In a world where we’re encouraged to be independent, you may worry that asking for help means that you’re imposing on someone, or that you appear ‘weak’. Yet for all the reasons you may be loathed to ask someone for help, there are just as many why you should. ‘Think about the last time you helped someone,’ says psychologist Sally-Anne McCormack. ‘Did you feel good helping them or did you feel burdened by it? Chances are you felt really good. If you don’t allow people to help you, then you’re stopping them from having that same sense of satisfaction.’ There is, however, an art to asking for support...
1. Be prepared
Make a list of five or more people you can rely on for help, such as a partner, a colleague or an old school friend. For one thing, it’s best not to put all your eggs in one basket – at least one person on your list may be unable or unwilling to help you with your problem. Remember, identifying people to turn to in a crisis is best done when you’re feeling calm and clear-headed, not when you’re already in the depths of despair.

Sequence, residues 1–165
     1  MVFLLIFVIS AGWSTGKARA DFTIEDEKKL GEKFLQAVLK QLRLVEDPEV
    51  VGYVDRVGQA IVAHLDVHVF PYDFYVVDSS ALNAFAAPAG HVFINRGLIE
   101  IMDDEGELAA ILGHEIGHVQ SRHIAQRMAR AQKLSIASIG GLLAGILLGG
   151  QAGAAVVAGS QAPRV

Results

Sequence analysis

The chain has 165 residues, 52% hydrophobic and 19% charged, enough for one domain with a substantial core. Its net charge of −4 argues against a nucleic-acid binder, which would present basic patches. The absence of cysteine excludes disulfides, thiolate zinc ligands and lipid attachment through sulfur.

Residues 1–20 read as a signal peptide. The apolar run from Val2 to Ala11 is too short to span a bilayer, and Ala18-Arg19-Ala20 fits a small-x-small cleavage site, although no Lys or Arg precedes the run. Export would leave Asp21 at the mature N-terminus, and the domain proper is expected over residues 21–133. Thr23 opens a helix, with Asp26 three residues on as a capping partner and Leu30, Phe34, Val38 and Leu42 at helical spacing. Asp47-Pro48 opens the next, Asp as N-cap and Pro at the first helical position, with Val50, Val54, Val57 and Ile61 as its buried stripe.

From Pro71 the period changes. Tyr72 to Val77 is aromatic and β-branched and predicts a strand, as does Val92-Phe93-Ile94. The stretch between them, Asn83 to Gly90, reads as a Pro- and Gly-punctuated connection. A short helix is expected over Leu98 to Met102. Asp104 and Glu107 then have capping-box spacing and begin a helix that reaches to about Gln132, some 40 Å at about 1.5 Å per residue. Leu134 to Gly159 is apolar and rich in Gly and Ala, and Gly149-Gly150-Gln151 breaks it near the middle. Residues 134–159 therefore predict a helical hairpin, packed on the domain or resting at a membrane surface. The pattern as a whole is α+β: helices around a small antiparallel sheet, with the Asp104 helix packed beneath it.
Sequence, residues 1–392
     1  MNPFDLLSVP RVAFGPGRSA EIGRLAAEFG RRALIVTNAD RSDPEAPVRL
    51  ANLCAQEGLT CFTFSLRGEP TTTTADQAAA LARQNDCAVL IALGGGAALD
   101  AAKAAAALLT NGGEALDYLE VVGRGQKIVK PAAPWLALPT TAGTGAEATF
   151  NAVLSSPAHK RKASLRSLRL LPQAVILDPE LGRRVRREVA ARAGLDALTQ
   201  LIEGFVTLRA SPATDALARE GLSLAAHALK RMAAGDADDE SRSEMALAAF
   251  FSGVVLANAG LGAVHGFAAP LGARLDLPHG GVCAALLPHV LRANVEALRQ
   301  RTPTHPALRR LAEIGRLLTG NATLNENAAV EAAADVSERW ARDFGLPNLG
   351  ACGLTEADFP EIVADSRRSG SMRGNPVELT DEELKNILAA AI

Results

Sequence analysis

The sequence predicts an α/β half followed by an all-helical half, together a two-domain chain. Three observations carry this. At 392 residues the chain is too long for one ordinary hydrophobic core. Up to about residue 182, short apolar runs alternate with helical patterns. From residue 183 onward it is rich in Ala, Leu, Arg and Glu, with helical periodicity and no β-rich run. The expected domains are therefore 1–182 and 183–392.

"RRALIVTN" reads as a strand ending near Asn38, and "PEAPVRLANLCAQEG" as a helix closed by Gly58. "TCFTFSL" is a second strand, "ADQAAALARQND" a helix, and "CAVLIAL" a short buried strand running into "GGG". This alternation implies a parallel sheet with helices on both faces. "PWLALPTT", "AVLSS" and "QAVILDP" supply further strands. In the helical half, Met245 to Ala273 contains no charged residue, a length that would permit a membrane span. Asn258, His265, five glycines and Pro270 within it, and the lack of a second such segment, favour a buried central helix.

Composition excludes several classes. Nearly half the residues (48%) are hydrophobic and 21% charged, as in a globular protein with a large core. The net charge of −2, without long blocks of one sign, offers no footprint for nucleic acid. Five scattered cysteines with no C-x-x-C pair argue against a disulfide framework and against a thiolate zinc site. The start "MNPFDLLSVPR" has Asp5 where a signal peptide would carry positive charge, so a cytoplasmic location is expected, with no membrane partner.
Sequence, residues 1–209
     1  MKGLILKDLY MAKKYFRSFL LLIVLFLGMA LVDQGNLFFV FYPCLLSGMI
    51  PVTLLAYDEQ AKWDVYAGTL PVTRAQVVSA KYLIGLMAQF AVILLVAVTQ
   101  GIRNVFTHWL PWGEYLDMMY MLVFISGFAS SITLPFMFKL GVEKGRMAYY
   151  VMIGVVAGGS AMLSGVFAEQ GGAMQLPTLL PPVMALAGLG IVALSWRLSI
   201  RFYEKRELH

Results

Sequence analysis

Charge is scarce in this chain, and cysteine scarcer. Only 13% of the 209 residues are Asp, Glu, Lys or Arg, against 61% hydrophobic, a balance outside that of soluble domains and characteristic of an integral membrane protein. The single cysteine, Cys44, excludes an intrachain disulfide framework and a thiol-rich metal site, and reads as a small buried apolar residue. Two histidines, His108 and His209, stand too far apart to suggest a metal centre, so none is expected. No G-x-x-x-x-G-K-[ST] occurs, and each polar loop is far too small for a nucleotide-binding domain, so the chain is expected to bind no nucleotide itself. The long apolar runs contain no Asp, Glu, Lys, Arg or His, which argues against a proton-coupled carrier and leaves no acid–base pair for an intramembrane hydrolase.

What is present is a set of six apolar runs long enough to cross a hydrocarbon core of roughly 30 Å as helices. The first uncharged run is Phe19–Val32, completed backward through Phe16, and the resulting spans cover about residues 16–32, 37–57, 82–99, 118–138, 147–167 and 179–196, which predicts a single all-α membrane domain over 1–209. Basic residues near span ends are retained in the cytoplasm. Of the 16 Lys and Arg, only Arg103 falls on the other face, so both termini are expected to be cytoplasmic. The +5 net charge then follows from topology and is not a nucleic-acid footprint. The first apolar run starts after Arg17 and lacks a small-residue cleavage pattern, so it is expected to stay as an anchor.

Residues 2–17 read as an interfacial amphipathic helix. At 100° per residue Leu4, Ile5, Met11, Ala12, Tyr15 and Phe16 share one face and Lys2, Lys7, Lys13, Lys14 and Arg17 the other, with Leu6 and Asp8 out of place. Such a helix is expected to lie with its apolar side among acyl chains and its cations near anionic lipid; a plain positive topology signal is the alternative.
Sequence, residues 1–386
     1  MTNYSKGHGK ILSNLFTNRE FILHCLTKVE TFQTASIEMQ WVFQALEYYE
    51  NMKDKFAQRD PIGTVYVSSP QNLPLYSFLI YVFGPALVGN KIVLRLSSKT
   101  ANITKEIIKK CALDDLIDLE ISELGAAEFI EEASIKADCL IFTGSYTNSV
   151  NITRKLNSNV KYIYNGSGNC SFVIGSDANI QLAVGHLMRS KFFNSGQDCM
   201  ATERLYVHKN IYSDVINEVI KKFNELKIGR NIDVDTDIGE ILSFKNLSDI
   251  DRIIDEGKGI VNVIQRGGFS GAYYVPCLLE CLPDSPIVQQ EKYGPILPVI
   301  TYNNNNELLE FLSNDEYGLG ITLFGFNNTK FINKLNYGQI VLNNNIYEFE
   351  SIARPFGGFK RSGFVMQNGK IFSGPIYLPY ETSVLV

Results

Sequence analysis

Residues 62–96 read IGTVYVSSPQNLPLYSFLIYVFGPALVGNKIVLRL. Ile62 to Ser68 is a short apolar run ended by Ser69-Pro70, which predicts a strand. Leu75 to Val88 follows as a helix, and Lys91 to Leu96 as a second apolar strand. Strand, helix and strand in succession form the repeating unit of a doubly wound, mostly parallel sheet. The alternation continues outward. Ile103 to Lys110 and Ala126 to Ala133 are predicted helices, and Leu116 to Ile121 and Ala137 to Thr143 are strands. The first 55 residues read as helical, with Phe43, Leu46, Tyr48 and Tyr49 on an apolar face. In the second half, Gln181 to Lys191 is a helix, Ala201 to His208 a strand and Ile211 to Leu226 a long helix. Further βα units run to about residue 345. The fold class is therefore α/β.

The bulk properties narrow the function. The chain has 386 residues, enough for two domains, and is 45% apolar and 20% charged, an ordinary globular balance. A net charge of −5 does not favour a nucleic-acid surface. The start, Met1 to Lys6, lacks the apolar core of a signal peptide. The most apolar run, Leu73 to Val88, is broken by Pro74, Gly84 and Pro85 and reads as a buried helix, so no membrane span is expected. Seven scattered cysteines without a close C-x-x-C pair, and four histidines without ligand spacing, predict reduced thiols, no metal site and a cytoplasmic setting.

2. Write it down
If your problem is an emotionally fraught one, it can be overwhelming just figuring out where to start. Writing everything down in a letter will enable you to order your thoughts and concerns so that when you go to someone, you can say clearly, ‘This is my problem and this